It’s the eve of my baby girl’s first birthday. She’s happy and healthy and I’m so proud. It wasn’t what I expected, but it’s been the best year of my life. I can’t help but reflect on where I was a year ago.
When I went to the hospital, I expected to have a baby in a few hours. I thought I’d soon feel her little head resting on my chest—I’d look at her face for the first time, snuggle with her, and then nurse her.
But that’s not how it happened.
One year ago today, I was 15 hours into labor, and I had 16 hours left to go. We were deciding if I should have a c-section, because my water had broken long ago and there was meconium in the fluid.
Once Faith was (finally) born, she just slept. And slept. And slept. I tried breastfeeding but she was just out. After 5 hours of sleeping, the nurses tried to wake her, but she wasn’t having it. After 7 hours, I was terrified and praying for her health. The doctor told me she had jaundice and a hematoma, but why wasn’t she waking up? Even with as tired as I was, I couldn’t take my eyes off of her.
She slept for 11 hours straight, then finally woke up. Then, a new question raced through my mind, “Am I going to be able to breastfeed?” I was supposed to nurse at least every three hours to establish my supply. I’d heard how beneficial breast milk was for a baby’s health. I wanted everything for my precious baby.
The hospital staff checked her and gave us good news. She was ready to leave the hospital. I gave a sigh of relief, and we packed up to leave.
Then the pediatrician came in.
“Her bilirubin numbers are getting worse”, he told us, “We need to keep her here longer, and we’re going to put her in a biliblanket”. My heart sank.
Holding her in the biliblanket was like trying to snuggle a vacuum with a hose attachment. She was in a machine, with a tube attached to the wall. She hated being in there.
I tried to breastfeed her, but it didn’t work—it was uncomfortable for both of us.
The nurses explained her jaundice may improve if she ate and went to the bathroom. My milk wasn’t in yet anyway, so they gave our tiny glowing baby a bottle of formula. They used a fast flow nipple, and she sucked down the formula in an instant. As I watched her drinking formula, I felt myself shudder. Would she ever nurse?
After another 24 hours, the pediatrician came back in. We were hopeful. “Her jaundice numbers have gone up,” He explained. “It’s best if we put her under the lights in the NICU”, he said slowly.
I could barely swallow, as I choked back tears. What does this mean?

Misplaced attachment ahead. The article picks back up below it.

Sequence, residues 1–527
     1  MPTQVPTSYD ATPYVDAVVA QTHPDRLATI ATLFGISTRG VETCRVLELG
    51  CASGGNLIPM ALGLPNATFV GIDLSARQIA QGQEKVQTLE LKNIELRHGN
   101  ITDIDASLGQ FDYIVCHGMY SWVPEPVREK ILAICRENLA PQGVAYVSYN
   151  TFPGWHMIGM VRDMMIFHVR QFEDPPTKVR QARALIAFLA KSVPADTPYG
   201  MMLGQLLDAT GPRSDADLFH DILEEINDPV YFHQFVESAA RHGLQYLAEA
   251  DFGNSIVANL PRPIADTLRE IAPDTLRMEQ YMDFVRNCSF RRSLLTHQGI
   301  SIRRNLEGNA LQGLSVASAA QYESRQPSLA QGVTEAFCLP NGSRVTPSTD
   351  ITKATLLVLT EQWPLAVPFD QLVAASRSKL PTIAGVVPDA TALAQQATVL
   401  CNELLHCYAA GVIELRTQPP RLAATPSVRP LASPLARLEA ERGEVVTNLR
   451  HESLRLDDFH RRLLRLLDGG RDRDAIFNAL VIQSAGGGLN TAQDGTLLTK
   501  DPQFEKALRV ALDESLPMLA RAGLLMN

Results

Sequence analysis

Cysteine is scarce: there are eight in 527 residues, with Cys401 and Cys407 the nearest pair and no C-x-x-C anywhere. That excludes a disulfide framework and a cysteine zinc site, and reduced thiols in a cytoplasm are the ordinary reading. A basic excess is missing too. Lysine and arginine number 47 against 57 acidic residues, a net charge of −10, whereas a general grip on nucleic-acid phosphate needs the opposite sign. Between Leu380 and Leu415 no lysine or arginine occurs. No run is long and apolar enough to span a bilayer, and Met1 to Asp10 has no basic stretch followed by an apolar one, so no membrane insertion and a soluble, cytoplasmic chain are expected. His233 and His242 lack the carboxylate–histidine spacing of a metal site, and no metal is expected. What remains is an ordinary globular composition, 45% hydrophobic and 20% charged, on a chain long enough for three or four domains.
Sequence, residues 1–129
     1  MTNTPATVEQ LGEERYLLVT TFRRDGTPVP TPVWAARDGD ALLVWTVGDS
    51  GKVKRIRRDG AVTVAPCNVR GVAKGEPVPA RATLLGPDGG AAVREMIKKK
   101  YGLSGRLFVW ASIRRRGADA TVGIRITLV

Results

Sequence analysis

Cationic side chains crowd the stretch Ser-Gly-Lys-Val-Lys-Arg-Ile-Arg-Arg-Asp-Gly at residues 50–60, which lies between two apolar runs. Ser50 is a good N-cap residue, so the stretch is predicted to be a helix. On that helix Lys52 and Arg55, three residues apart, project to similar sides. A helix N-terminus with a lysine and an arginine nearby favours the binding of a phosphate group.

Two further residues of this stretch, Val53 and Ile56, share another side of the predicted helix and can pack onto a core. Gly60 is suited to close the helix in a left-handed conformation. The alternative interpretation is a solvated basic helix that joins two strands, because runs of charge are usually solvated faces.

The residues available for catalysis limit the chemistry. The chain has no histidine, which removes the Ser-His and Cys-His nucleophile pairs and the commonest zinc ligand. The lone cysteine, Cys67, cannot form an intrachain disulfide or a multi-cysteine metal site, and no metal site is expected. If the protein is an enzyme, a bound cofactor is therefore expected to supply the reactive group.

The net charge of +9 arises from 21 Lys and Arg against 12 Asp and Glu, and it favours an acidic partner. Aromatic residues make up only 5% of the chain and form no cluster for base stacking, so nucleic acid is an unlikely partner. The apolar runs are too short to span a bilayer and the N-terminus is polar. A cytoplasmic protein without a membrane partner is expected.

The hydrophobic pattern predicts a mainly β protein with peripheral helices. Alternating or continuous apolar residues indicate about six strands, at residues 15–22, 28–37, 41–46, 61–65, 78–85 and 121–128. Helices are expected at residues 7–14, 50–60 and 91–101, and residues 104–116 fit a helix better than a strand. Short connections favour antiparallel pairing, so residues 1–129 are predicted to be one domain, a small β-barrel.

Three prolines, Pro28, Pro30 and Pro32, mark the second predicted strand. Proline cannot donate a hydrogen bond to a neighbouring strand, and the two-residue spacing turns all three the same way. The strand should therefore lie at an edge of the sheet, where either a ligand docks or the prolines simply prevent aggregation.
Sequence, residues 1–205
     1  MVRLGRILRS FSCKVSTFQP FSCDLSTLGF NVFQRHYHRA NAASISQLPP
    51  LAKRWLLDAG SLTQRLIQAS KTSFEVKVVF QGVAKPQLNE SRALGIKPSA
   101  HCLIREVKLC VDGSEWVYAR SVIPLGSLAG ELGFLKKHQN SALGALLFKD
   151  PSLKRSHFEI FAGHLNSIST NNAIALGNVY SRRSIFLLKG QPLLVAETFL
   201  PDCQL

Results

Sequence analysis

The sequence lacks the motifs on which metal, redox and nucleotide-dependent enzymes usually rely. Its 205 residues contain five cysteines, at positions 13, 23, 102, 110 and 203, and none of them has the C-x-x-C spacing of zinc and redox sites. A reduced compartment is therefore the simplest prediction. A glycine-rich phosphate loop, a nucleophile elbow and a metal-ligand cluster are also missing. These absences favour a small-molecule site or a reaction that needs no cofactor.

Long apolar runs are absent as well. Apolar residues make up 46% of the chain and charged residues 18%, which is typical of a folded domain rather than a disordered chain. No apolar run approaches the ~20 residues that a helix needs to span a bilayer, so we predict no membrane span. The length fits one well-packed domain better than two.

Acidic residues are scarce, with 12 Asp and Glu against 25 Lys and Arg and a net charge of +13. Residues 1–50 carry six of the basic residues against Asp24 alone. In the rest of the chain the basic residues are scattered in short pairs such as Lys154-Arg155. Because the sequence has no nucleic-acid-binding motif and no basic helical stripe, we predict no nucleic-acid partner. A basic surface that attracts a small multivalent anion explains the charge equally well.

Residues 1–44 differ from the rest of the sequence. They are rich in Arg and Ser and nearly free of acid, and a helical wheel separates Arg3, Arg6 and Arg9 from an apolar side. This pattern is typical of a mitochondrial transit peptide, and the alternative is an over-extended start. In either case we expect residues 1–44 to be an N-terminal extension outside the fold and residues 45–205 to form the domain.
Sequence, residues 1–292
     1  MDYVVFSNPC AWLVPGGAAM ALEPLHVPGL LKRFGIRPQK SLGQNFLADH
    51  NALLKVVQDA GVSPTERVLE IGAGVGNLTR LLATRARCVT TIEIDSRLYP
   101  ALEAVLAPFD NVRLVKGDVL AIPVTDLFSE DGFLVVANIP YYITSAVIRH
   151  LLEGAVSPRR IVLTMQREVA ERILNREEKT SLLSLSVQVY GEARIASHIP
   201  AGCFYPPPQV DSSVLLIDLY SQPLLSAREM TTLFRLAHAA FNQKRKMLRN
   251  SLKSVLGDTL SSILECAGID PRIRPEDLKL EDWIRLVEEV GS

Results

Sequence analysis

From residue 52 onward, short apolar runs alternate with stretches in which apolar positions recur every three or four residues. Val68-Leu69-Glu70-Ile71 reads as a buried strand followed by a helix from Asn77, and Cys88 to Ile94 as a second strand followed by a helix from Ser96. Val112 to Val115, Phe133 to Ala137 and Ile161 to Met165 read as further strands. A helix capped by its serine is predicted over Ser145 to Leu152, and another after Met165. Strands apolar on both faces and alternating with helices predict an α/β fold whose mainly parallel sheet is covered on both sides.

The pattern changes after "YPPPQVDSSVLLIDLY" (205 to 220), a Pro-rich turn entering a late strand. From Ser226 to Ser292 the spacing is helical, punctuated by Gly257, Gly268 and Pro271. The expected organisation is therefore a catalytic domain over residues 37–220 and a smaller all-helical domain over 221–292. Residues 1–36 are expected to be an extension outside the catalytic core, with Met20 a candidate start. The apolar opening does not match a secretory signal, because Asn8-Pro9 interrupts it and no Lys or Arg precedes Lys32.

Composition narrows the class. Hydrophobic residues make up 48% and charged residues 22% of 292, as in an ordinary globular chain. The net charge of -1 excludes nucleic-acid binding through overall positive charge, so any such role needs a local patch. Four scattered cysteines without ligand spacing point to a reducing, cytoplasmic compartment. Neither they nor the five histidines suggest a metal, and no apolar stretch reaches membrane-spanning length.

While she was in the NICU, we could visit, but we couldn’t hold her. All we could do was offer her a bottle of formula, every three hours. So, we did.
In the meantime, I started pumping with a hospital grade pump, every 3 hours. We all got through another day, and they finally released her. She was healthy and safe.
And I could finally nurse her. I hoped.
I tried nursing, and our latch was OK. But, the lactation consultant weighed her before and after I fed her, and she hadn’t gotten any milk.
So I kept pumping.
After 2-3 weeks, we weren’t having any success breastfeeding. I’d been to the lactation consultant over-and-over. We’d tried a breast shield, and there wasn’t even any milk in the shield. Our next step was to try a syringe catheter that would be taped to my chest. It was just so much work. It was already so much work pumping and bottle-feeding her.
So we stopped. We didn’t go back to the lactation consultant and stopped trying to breastfeed.
I was OK with pumping. My husband fed her, while I pumped. We were doing OK.
Faith was colicky and needed to be held and comforted all of the time, or she cried. The only times she didn’t fuss were when she was eating or sleeping. It was really demanding, but we were making it work.
Then, he went back to work.
I needed to figure out how to do it all. So, I sat her up against a boppy, next to me and tried giving her a bottle there. It worked.
Once I figured out how to feed her next to me in the boppy, while I pumped, I was a rockstar.
I gave her a bottle with my left hand, and I pumped using a hands-free pumping bra. This kept my right hand free so I could eat, at the same time. I repeated this every three hours.
I gave her cold milk, so that if she didn’t finish a bottle, I could just put it back in the fridge. I kept using the hospital grade pump and I never missed a pump. My milk supply kept increasing. One day, I pumped over 50 ounces.
After about 2 months, she smiled at me for the first time. The colic passed. I read stories to her, danced with her while she laughed, and rocked her for hours. I watched her roll over for the first time, crawl, sit, and say “mama”.
I kept pumping until she was 10-months-old. But, then, I had over five months of frozen milk in the fridge. I was so sad to pack up my pump. It had gotten me through a lot. Now, I’m just incredibly proud that I was able to make it.
Tonight, I’m watching her as she stands up, holding onto the couch, about to turn one. She looks back at me with her giant blue eyes. She smiles and lets go of the couch, then takes a couple of wobbly steps toward me. Watching her melts my heart. I love this little person so much.
Where did a year go? I kind of want to do it all again.
Thank you to this strong and honest mama who shared her story with me. And happy birthday to little “Faith” (names are changed). If you want to receive Mama Lovejoy articles automatically through your Facebook feed you can, by liking the Mama Lovejoy Facebook page.